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Cellulosic ethanol startup ZeaChem is one of the firms that has been racing to build a next-generation biofuel plant in the United States. On Wednesday, the company announced that it has raised a sizable round of funding — $34 million — to help implement that goal, […]

Cellulosic ethanol startup ZeaChem is one of the firms that has been racing to build a next-generation biofuel plant in the United States. On Wednesday, the company announced that it has raised a sizable round of funding — $34 million — to help implement that goal, and the company expects to start construction on a 1.5 million gallon per year plant in Boardman, Ore., sometime in 2009.

Fundraising is no easy task in this economic climate. But it’s easier for a company like ZeaChem, which is already 7 years old and has moved past the R&D phase. CEO Jim Imbler told us on Tuesday that he thinks it will be the biofuel businesses that are closer to execution that will survive this difficult year — “If you’re still focused on the “magic” of the technology it’s going to be a tough year ahead,” said Imbler.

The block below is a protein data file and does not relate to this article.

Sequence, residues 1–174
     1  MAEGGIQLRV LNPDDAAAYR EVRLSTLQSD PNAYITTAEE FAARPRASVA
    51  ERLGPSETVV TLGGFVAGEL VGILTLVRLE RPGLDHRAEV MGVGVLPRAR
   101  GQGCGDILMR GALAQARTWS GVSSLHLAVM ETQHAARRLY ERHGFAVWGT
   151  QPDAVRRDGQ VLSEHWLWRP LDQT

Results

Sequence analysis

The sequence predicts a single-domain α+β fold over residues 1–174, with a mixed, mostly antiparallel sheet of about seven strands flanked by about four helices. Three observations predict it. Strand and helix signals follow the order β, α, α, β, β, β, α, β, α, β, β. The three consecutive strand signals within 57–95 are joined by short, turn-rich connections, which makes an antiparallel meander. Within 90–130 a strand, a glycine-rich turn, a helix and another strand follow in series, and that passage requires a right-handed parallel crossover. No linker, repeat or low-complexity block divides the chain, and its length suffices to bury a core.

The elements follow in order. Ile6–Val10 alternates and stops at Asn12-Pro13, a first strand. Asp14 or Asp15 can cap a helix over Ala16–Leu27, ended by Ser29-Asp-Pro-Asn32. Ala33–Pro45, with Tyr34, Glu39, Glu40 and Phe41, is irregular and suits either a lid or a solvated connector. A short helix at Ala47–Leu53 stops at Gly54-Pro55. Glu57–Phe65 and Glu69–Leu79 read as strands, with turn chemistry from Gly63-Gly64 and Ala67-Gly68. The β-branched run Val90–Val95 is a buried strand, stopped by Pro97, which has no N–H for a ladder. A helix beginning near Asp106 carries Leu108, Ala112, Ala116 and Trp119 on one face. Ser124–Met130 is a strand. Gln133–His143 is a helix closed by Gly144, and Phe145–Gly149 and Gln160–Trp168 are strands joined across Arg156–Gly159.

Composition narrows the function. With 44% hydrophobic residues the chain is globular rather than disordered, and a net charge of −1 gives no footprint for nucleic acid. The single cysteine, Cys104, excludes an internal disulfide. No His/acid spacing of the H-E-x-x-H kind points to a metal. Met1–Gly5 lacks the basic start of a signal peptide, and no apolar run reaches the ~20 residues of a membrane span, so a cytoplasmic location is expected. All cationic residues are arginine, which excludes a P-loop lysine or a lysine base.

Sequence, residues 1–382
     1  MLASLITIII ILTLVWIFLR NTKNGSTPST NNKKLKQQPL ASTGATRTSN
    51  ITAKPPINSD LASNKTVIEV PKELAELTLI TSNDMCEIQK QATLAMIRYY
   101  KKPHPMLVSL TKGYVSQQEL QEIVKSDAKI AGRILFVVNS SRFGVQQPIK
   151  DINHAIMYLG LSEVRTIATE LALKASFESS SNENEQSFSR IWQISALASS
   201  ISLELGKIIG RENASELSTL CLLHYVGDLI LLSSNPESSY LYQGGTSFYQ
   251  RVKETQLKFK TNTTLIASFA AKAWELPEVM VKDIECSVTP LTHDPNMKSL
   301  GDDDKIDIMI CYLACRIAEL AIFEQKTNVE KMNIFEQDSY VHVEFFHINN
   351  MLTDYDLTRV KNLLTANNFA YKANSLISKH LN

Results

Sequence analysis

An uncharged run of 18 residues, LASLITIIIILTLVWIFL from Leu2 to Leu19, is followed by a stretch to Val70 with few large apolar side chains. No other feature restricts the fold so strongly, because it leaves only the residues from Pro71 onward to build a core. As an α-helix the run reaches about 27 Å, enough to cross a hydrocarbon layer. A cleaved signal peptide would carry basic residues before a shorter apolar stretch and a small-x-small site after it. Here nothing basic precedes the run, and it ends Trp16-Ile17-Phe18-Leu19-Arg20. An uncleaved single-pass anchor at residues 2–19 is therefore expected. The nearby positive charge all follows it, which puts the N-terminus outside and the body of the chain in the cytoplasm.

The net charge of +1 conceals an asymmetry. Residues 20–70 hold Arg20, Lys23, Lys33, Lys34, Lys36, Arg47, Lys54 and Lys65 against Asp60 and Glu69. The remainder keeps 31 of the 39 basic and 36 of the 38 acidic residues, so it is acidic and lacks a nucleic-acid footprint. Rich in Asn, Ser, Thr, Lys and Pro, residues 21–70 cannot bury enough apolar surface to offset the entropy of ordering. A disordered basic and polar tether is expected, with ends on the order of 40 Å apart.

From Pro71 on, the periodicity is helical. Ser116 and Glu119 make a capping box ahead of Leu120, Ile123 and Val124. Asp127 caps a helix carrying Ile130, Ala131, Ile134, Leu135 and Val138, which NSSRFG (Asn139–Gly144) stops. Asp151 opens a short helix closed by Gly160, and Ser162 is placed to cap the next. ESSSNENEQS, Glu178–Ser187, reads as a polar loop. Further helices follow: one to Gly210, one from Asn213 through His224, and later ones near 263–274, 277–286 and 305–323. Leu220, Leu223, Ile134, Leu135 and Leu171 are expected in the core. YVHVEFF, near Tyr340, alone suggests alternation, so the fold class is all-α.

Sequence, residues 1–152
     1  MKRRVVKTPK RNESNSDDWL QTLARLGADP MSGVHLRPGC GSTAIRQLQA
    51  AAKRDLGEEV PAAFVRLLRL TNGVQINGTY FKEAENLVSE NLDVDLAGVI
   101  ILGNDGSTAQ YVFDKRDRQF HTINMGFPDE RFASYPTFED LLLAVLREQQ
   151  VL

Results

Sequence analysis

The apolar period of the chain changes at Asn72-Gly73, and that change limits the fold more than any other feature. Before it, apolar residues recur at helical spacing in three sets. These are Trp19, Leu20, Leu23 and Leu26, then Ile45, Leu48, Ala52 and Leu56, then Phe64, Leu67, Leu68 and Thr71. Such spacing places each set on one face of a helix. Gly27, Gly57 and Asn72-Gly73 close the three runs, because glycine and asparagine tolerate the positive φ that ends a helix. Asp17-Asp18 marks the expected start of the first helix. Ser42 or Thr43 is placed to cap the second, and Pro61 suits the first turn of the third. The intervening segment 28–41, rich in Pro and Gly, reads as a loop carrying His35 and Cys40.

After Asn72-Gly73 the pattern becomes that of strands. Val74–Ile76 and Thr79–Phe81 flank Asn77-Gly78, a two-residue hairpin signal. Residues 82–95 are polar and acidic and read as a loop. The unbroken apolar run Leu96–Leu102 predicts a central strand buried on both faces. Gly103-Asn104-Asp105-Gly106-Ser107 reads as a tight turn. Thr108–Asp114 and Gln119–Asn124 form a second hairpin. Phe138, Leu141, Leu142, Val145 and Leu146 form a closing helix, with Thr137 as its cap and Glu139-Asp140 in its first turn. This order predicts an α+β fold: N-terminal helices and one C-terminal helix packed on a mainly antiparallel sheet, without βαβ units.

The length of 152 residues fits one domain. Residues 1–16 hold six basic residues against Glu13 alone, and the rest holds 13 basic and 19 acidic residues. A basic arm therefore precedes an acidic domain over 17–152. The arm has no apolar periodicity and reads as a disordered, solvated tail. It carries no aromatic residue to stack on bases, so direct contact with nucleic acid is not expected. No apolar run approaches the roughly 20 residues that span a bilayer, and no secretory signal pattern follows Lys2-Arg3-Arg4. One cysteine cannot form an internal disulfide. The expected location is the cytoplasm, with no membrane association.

zeachem-labsmall

Another milestone for ZeaChem is that giant petroleum refiner Valero Energy Corporation joined the company’s latest round as a strategic investor, and the company could help when it comes to reaching the massive scale needed to supply fuels for mainstream transportation needs. Valero has also invested in other renewable fuel companies like algae fuel developer Solix Biofuels.

ZeaChem’s funding was co-led by Globespan Partners and PrairieGold Venture Partners (a South Dakota firm) and also included Mohr Davidow Ventures, and Firelake Capital. This latest funding brings the company’s total to $40 million, including a $6 million round raised in the summer of 2007.

ZeaChem says its process of converting plants and trees into ethanol produces 40 percent more ethanol per ton of biomass than any known competitor. That’s a bold claim, given the number of competitors (which includes startups Coskata, Mascoma and Range Fuels and larger companies like Iogen and Poet).

ZeaChem’s process uses a combination of biological processes to convert the sugars into acetate and then gasifies the remainder, tough lignin and all, into hydrogen before mixing the two streams in a reaction called hydrogenolysis to produce ethanol. The company is first concentrating on poplar trees — one of the reasons it chose the Boardman, Ore., location — as a low cost feedstock, and has a deal with GreenWood Resources for its (sustainably harvested!) poplar supply.

ZeaChem’s funding is one of the first larger cleantech investments of 2009. In 2008, biofuel was the second-most-funded area, and it received 11 percent (or $904 million) of the year’s total funding, according to the Cleantech Group. We’re predicting that biofuels receive less funding in 2009, but for now, the sector is off to a good start.

By Katie Fehrenbacher

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